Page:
In their article, the researchers at MIT and the University of Southampton argue that we must move towards accurate modeling of population movements, analyzing both the routes and the modes of transportation used. According to their conclusions, this sort of knowledge about the flows of people and goods allows us to understand the circulation patterns of pathogens better.
This information should, in turn, allow the development of cross-border strategies that are common between countries in order to control the spread of diseases and minimize the economic impacts of possible outbreaks. In other words, data, monitoring, and integration for tackling epidemics without cutting communications, which are essential for the world as we know it today.
Public transportation and private vehicles up against the pandemic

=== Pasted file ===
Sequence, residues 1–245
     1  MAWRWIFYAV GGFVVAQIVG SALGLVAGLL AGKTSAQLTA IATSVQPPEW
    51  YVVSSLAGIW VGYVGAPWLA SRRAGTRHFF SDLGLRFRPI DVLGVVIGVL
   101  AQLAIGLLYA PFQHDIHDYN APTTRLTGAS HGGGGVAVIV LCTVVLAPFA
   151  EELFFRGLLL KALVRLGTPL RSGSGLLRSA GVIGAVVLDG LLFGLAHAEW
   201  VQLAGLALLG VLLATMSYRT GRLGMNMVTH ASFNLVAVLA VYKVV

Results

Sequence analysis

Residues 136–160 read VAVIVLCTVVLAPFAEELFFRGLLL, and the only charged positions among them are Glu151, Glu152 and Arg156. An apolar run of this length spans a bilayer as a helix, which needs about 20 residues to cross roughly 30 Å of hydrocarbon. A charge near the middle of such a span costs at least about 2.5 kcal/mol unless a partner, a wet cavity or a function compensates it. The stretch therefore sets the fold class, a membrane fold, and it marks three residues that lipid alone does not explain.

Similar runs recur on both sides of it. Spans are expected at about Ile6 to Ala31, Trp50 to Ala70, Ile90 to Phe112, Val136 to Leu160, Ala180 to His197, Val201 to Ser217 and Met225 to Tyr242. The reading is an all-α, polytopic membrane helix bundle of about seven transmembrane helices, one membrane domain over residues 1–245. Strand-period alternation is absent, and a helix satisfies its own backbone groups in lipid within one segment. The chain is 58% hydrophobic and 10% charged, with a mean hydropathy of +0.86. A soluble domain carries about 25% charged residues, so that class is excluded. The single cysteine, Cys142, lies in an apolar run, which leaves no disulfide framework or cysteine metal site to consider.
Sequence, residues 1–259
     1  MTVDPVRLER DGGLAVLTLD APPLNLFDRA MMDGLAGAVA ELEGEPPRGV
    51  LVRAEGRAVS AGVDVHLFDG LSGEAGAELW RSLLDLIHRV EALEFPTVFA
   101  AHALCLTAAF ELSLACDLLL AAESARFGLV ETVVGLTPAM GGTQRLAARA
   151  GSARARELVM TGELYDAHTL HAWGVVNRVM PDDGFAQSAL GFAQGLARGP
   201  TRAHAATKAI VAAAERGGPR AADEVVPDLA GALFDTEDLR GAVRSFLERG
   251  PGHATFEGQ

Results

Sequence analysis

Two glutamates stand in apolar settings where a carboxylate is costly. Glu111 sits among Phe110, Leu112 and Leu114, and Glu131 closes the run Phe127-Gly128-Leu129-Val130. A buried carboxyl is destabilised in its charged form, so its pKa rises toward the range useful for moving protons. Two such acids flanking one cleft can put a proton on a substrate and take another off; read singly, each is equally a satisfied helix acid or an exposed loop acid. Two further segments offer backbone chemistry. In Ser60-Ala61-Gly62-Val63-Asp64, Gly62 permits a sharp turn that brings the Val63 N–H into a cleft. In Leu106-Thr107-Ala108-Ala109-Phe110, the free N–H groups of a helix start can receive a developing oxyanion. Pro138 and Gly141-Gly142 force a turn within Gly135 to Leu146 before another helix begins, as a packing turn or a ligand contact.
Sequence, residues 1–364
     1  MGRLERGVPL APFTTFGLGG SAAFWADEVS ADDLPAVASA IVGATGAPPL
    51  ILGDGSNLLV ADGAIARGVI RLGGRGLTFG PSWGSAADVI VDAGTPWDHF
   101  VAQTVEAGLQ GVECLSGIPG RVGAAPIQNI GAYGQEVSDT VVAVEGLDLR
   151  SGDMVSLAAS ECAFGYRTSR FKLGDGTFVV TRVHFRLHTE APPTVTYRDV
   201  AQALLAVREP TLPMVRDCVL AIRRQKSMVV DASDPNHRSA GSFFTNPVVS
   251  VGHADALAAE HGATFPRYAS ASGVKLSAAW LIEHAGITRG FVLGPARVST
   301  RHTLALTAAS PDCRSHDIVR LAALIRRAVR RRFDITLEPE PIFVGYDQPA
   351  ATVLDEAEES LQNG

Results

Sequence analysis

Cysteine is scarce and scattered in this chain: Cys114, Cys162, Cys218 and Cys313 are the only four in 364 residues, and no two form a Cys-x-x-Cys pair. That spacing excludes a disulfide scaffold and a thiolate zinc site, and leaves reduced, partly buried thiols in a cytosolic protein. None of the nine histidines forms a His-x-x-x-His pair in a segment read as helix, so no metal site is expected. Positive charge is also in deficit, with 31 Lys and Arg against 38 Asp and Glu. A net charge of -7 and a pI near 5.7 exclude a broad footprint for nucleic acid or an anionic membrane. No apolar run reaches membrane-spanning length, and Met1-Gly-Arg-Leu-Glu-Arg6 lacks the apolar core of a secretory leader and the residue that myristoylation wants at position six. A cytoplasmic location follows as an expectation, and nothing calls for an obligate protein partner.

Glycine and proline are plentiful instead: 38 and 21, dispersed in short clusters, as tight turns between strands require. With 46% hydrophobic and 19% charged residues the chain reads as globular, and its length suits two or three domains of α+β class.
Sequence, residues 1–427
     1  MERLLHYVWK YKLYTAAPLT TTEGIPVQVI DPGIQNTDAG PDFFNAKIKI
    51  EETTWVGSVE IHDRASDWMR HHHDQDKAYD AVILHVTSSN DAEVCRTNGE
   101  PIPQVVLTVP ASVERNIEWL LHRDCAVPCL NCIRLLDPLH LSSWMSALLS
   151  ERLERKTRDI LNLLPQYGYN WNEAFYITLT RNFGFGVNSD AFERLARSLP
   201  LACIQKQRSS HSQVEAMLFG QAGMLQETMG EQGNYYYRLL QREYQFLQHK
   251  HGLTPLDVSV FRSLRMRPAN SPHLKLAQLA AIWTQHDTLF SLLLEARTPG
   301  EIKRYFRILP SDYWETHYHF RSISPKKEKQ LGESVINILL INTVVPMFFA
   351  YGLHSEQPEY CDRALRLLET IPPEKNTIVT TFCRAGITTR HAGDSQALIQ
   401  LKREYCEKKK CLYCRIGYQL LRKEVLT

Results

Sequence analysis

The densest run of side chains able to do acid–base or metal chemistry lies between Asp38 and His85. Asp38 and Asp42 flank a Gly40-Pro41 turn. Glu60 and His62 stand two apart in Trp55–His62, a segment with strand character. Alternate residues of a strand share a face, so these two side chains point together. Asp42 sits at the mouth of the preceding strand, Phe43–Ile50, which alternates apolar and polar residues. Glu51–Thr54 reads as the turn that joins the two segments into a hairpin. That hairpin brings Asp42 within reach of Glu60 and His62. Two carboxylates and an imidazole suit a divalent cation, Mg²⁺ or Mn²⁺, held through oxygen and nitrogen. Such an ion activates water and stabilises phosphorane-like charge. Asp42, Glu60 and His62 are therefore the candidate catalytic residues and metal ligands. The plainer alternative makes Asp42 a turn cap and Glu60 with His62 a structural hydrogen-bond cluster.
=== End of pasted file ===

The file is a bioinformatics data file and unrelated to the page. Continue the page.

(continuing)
**Public transportation has been highly affected by the current pandemic. | Unsplash /José Gasparian
Between March 10 and 31 of this year, the influx of people in public transit stations fell by 88% in Spain. In Italy, this number was 87%. This data was recently published by Google. Moovit, a mobility app, showed similar numbers after the first week of confinement, with an 82% drop in the use of public transit in Madrid, and an 83% drop in Milan, two of the cities hardest hit by the COVID-19 pandemic.
The role of public transit within and between cities is still essential. However, daily use of these modes has decreased, primarily due to lower mobility among people.
“Public transit has been heavily impacted by this situation,” says García Pardenilla. “Furthermore, the probability of infection in a subway or a bus is higher, as seen in Madrid and New York. Beyond all controversies, infection rates have soared in cities because there are so many people close together there.”